Last month we hit the road to find out a little more about one of our long-time teachers, Teacher Lori.
Teaching with VIPKid means many things to many people: financial freedom, flexibility, the fulfillment of a lifelong dream to shape young minds, or just a passion for the color orange due to a mild Cheetos obsession developed in early childhood. For Lori however, well, read on…
“The past year I’ve had opportunities I never thought I’d have…”
Lori began teaching with VIPKid just over a year ago. As a stay-at-home mom, it was a way to spend her time meaningfully and also a chance to go back to doing something she loved – teaching. But her journey with VIPKid was far more than just smiling and waving through a screen.
“This past year I’ve had opportunities I never thought I’d have, including starring in a commercial for VIPKid! (Check out larger-than-life Lori here). I also went to the Journey Event in Utah. I never thought I would do any of these things, which is a really fun aspect of working with VIPKid. We never know where life is going to take us!”
“I think it’s good for my kids…”
For Lori, being a stay-at-home mom also had the unintended consequence of her children developing the innocent perception that mom equals a personal organizer, chef, house cleaner and occasional psychologist. Lori recounts a situation where she told her 4-year old how she actually “doesn’t love cleaning” to which the overwhelmingly rational response was “Oh you love cleaning mum, you always do it!” But once she began working with VIPKid, it meant her kids could see “I have something important too.”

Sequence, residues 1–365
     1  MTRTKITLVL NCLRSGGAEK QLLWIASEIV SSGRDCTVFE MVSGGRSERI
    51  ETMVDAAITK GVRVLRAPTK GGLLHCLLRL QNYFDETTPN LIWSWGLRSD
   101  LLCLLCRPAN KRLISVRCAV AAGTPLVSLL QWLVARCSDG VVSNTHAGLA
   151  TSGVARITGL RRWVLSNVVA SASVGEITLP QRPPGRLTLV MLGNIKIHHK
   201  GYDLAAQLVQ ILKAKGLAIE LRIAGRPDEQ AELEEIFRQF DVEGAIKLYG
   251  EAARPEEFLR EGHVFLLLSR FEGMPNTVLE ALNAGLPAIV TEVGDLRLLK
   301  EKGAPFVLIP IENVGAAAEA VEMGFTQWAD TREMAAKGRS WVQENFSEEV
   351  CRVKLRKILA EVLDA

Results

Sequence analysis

“It’s fulfilling and something for myself”
Before VIPKid, Lori sought to get back into education by grading tests online. It’s not quite as boring as testing the temperature of frozen peas, but Laurie was a little demotivated without actual interaction with students. Once she found VIPKid she was able to reconnect with students. She found something she could “succeed at and is pretty fulfilling as well as a good way to start my day. Like having something for myself.
There aren’t many jobs that require you to wake up with the birds, yet still make you feel like a million bucks. But for Lori, like so many others, “once you start teaching and you see the kids it’s really easy to wake up, the kids are great”.
“Creating Global Citizens”
“I love learning about their culture and them learning about our culture. Creating global citizens as they say. They’re more aware of our culture and maybe more understanding of our culture and we’re more understanding of their culture. I really love that about VIPKid.”
Having traveled and lived outside of the US herself, Lori knows just how important the exchange of cultures can be. The idea that foreigners aren’t scary is a central part of how Lori views this cultural exchange.
Another interesting aspect Lori noticed in her students, was just how similar they are to kids at home. Just listen to this magical exchange that occurred with one of her students:
“There’s another kid named Jerry. He likes to read books with his camera on before class starts. Occasionally I’ll see what he’s reading just as I enter the class. One time I noticed he was reading the Chinese version of Diary of a Wimpy Kid – which my nine-year-old reads too. One day I grabbed the book before class started, and pretended to be reading it myself when he entered the classroom. Jerry was so surprised, and just like that you’ve made a unique connection and the class starts off really well.”
“You have to develop a style that works for you”
Just like you’ll (almost) never find fortune cookies in China, neither is there only one way to teach online. Laurie debunks the notion that flapping your arms wildly and grinning like the Cheshire cat is the only way to engage with little kids through a screen.
“Each kid is different and you have to adapt your teaching style to that particular child to try and bring out the fun or the happiness in the individual. It’s a fun challenge for me, and while some kids are pretty easy to interact with, there are also a few stoic and very serious children and it’s always my goal to get them to smile or laugh.”
Recognizing that everyone has their own style, it took Lori only a few classes to realize whacky wasn’t for her. Instead, she works hard to build a unique rapport with every child she teaches, and through this has developed a bunch of special relationships with her students.